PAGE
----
Amy: It is always a pleasure to work with the students. They are always so professional and their work ethic epitomises a value held at the School: striving for excellence.
What did you enjoy about filming the classes for the on-demand programme?
Lewis: I enjoyed this being a new skill. I have never filmed for camera before, and although I can find it stressful having to juggle knowing the lesson plan very well, being clear in my speaking, being clear in my demonstrating, following the music, looking into the camera, and leading the students in the video, I am proud of both the philosophy and the outcome of the finished product.
Natalie: It was exciting to sit back and watch lesson plans (either my own or others’ plans) come to life. When you are teaching there is so much going on in your mind, you don’t always get to appreciate what the work does for participants. Sitting back and observing was quite emotional at times. Creative exploration holds so much value and benefit to children of all backgrounds and personality types. Even the shyest most introverted children can suddenly find a new avenue to expression and self-confidence. It’s beautiful to watch.
Amy: It was a privilege to work with like-minded people who strive for excellence. Everyone in the team is passionate about the Primary Steps mission. They are all eager to see the on-demand platform succeed so that primary school children everywhere can enjoy and experience ballet and become part of the wider Royal Ballet School community.
What were your goals when writing the programme?
Natalie: Ballet is often misunderstood. I wanted participants to engage with ballet in a way that makes them stop and think ‘wow, maybe ballet isn’t what I think it is.’ Ballet is exciting, challenging, fun, emotive and collaborative. We all have our likes and dislikes, that’s natural. But even if someone finished the on-demand programme thinking ‘ballet isn’t for me,’ I hope they can still feel they gained something special from the experience, and go away with a better understanding and appreciation for the art. You never know, ballet may come back into their life again later, either as a participant or an audience member, and Primary Steps on Demand may have paved the way.
What are the benefits for young children of taking part in dance, and in this programme in particular?
Lewis: Simply put, research has proven that dance is good for physical and mental well-being. It promotes creativity and allows young people to express themselves in ways that they would not be able to otherwise. Young people need to embrace dance and the arts to keep them alive for generations to come. This programme offers young people the chance to break with negative connotations of ballet, and combine ballet with a creative approach – which is what ALL dance is anyway… creative!
Amy: There are copious benefits for young children who participate in ballet, including but not limited to improved fitness and increased physical skills such as strength, flexibility, coordination, agility, gross and fine motor control, and spatial awareness; improved mental skills, including increased focus, perseverance and independence; improved listening skills and musicality; an improved ability to collaborate, communicate and problem solve, and increased confidence.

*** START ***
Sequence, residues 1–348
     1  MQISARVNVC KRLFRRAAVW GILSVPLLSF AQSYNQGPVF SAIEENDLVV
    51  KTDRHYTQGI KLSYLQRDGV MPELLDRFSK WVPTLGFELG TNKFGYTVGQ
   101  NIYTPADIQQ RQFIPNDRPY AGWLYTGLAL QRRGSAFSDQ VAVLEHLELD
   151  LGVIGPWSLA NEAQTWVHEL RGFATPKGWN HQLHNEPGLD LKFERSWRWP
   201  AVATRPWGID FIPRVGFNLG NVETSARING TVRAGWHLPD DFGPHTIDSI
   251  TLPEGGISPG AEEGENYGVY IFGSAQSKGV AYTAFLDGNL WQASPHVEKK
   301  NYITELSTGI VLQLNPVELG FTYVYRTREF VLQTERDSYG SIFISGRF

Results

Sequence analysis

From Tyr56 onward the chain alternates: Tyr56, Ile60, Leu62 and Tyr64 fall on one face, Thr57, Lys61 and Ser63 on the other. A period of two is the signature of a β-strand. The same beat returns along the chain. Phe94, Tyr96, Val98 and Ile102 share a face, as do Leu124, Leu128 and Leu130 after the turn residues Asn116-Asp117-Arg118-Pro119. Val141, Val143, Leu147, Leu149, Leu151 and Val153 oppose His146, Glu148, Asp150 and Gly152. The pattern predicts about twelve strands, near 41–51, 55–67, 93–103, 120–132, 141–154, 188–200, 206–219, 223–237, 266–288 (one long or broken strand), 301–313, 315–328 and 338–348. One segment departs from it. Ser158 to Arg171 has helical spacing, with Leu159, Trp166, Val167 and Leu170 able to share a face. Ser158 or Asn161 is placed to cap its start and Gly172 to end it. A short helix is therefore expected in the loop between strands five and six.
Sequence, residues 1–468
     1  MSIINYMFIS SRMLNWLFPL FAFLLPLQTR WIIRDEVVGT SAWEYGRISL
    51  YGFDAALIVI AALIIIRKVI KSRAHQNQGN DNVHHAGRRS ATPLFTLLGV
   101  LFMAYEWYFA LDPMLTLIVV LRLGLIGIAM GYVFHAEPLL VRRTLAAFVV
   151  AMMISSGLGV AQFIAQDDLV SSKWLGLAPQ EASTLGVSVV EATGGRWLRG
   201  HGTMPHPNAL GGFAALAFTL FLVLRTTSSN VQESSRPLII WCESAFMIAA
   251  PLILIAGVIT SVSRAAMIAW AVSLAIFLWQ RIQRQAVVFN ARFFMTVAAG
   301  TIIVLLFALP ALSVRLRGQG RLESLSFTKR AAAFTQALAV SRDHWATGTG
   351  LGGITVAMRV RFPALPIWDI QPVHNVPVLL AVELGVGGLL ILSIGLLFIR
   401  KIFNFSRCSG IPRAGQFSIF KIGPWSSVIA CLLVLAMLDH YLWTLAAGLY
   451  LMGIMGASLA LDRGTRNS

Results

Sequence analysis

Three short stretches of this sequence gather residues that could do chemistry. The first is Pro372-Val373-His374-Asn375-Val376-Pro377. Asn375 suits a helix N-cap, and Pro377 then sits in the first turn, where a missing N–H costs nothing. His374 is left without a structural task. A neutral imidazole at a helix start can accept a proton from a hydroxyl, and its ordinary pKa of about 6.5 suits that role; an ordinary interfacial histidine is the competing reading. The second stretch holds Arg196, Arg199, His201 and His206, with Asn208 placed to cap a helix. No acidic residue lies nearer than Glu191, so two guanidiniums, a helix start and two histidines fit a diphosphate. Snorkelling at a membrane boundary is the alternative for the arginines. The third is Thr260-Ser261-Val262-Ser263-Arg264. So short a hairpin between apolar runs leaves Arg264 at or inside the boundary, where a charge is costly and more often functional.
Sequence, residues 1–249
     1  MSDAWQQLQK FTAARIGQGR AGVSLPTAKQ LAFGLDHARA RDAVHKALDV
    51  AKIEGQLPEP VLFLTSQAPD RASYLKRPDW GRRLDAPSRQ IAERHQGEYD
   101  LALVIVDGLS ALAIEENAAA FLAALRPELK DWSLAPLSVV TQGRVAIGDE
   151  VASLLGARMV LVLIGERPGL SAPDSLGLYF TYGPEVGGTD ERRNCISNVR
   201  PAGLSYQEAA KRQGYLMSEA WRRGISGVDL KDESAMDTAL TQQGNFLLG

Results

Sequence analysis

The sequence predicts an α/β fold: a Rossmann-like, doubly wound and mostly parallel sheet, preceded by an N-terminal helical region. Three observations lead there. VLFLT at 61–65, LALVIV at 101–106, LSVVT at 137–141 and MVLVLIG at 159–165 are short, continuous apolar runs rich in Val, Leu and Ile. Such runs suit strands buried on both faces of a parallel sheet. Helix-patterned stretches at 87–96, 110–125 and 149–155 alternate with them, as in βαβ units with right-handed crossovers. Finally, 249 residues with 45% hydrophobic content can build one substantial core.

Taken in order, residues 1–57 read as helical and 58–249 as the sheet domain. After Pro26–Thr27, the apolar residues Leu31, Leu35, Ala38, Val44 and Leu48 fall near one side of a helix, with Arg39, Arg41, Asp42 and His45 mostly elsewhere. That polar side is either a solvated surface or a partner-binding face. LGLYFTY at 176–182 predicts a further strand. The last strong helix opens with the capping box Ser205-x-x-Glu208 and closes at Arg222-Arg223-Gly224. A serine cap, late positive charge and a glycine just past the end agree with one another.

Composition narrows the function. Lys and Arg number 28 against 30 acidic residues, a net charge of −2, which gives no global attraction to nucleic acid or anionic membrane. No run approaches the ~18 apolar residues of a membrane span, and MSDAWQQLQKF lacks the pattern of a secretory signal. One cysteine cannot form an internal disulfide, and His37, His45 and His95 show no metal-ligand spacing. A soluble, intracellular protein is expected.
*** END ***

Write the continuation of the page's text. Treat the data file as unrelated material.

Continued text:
Ballet offers children an opportunity to express themselves artistically, physically, and creatively, where words can be insufficient. It provides a physical and artistic education simultaneously, which is unlike any other subject at school. Plus… it’s fun!
Why should people sign up for the programme?
Lewis: To make the most of a golden opportunity to engage with dance, in particular ballet, and with The Royal Ballet School which they may not otherwise have. To learn something new. To get young people up and moving. To improve physical and mental well-being. To have fun!
Natalie: The programme is a perfect combination of physical exercise, educational learning and artistic expression. Schools can address those three main needs of their students in an incredibly engaging and fun way. I think it will also inspire the teachers and students to look at their classroom lessons in a different way. Once they’ve explored science or geography concepts through ballet, I don’t think they will ever look at those topics the same again!
Amy: The on-demand programme is a unique offering for primary schools. It is convenient, user-friendly and requires no previous experience in ballet, although there is a plethora of CPD opportunities and learning resources for teachers too! Plus the content is inclusive and adaptable to meet every individual student’s needs.
Not only is the on-demand platform a gateway through which children can access all the benefits of ballet, but it’s also an invitation to become part of The Royal Ballet School community. From our school to yours, you are welcome… now, let’s get dancing!